One challenge when trying to assess the specific impact that poorly chosen passwords have is that we don't always know how an attacker obtained a password. Maybe the password was learned because it was an easy guess, or it was reused and leaked from another breached site, or was it phished, or a few other possibilities. Either the targeted user or system owners don't actually know the answer to that question, or they know and it simply isn't included in the information shared with the public.
A decade ago I used to actively record stories about password related incidents and looking back through my index there weren't many with details on how the compromised passwords were obtained. For example, here's one story that mentions a student guessing his teacher's password in an hour. Another report disclosed that a woman's ATM PIN was guessed because it was her birth date, which was stored alongside her stolen bank card. But for the few of those with details you'll see dozens of other stories with no mention of how passwords were stolen. As @Matthew points out in his comment these attacks tend to be more individual focused, which often isn't considered newsworthy.
Fortunately we do have a bit more data that we can turn to. In the 2016 Trustwave Global Security Report they reported that weak passwords were responsible for 7% of the hundreds of incidents they investigated the previous year. They don't define what they mean by "weak", but it's reasonable to assume this means a password that can be guessed or cracked within a few minutes to a weeks worth of effort. Or it was a default vendor password. Similarly, they reported weak passwords as the identified method of intrusion 28% of the time in 2015 and 31% in 2014.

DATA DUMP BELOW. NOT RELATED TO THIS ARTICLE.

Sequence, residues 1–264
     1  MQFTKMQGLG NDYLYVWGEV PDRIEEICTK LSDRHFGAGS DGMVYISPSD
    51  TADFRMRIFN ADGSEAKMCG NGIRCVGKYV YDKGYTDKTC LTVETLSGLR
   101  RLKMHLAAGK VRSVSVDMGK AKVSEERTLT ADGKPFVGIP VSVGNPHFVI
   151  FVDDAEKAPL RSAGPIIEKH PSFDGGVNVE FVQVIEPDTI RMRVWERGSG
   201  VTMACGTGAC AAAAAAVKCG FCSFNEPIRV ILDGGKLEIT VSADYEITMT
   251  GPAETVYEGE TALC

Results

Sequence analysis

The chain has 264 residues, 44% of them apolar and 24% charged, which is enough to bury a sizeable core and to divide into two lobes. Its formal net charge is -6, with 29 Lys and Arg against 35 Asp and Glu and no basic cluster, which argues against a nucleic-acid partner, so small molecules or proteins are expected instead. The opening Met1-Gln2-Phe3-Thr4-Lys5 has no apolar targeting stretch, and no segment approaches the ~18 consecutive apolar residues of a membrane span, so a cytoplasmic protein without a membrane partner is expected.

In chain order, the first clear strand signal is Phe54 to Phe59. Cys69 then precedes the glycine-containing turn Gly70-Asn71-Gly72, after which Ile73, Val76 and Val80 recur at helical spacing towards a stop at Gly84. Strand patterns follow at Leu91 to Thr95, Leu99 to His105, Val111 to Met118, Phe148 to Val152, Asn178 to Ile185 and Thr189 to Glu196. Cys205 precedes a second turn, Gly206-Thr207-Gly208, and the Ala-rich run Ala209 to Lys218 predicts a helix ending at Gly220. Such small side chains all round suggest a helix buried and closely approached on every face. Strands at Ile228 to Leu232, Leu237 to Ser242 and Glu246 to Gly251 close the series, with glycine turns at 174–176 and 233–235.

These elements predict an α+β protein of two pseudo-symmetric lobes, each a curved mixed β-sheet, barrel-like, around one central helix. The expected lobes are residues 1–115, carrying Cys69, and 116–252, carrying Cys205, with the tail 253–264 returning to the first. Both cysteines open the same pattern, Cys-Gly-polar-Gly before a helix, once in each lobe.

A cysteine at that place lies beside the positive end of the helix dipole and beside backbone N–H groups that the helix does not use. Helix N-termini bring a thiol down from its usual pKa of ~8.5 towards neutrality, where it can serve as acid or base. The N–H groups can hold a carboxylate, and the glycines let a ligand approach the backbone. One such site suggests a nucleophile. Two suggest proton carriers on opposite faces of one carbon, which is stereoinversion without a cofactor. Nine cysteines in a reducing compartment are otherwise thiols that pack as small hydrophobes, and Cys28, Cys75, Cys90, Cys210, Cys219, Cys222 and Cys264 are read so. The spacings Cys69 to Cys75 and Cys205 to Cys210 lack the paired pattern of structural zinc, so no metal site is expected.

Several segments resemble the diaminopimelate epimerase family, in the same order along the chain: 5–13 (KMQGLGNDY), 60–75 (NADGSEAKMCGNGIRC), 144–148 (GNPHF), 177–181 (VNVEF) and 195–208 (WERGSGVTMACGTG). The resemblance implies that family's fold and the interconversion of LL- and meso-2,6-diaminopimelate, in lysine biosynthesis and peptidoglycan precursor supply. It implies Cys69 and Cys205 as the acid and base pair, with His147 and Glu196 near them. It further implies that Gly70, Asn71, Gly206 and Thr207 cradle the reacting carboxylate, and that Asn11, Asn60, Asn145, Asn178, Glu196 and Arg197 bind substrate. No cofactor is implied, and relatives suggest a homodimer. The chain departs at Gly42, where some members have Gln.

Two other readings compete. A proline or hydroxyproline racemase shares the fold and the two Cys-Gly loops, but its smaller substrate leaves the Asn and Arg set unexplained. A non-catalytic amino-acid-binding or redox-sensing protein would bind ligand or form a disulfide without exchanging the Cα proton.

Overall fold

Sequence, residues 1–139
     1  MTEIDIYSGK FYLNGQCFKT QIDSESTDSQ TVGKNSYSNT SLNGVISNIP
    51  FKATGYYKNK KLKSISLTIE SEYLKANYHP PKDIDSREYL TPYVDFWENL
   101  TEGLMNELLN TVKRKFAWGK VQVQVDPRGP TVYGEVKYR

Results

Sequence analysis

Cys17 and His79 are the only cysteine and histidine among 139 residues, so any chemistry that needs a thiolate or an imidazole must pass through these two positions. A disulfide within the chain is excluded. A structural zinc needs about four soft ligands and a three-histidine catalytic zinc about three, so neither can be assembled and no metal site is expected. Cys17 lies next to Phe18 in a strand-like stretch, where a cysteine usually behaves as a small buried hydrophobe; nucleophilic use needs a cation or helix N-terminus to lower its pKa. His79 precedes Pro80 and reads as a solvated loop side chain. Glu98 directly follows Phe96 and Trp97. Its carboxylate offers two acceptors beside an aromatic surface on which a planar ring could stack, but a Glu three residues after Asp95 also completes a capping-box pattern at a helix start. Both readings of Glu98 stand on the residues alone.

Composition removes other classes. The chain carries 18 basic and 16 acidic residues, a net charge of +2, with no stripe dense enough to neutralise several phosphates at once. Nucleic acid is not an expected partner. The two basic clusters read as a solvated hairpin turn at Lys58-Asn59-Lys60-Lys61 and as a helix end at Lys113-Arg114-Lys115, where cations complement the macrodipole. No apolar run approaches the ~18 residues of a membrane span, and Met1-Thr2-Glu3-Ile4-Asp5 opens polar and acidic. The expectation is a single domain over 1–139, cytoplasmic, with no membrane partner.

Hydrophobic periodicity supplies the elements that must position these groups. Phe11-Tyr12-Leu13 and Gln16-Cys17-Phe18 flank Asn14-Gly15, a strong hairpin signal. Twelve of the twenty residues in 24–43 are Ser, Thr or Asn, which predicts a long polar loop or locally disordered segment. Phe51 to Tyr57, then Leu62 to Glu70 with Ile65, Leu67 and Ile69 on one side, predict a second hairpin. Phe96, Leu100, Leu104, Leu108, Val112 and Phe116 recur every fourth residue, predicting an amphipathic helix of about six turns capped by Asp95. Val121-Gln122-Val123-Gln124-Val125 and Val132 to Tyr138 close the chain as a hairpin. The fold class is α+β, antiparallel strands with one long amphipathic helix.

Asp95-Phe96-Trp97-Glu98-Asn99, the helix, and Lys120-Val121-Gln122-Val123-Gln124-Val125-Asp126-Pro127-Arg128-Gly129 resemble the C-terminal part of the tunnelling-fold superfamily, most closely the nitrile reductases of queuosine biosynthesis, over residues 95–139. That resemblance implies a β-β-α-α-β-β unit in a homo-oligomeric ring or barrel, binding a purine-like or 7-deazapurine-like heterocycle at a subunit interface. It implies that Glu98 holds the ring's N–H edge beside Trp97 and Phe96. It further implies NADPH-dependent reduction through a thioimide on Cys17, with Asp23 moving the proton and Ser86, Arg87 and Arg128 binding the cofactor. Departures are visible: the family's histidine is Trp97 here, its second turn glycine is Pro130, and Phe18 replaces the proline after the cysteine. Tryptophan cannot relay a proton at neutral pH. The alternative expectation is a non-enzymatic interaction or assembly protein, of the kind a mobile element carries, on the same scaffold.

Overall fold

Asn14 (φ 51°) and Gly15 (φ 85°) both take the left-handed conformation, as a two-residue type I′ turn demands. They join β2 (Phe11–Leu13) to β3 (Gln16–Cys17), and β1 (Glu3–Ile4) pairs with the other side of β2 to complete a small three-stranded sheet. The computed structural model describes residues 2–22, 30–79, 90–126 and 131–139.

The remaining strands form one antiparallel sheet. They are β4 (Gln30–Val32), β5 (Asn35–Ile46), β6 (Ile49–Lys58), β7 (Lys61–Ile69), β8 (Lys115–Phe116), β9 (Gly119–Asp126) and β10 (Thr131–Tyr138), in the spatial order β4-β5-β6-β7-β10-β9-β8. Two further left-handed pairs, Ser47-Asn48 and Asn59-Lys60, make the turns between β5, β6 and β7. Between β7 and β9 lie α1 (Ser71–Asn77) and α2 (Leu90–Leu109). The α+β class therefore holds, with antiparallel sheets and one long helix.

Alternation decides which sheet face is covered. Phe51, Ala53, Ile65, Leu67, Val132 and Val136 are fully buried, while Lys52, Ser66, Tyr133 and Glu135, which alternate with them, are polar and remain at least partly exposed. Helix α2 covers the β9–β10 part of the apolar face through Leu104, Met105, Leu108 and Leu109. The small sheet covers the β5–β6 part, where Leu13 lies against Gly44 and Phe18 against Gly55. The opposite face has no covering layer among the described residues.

RSA shared news of a situation where a attackers tried a single popular password against a site's 145,000 users and successfully compromised 434 of the accounts.
These days some organizations have moved to blacklisting weaker passwords because they are tired of dealing with customer compromises that result from attackers successfully guessing them. Microsoft announced that they were banning common passwords for their customer accounts last year. They joined organizations like GitHub and ArenaNet who have been doing this for years.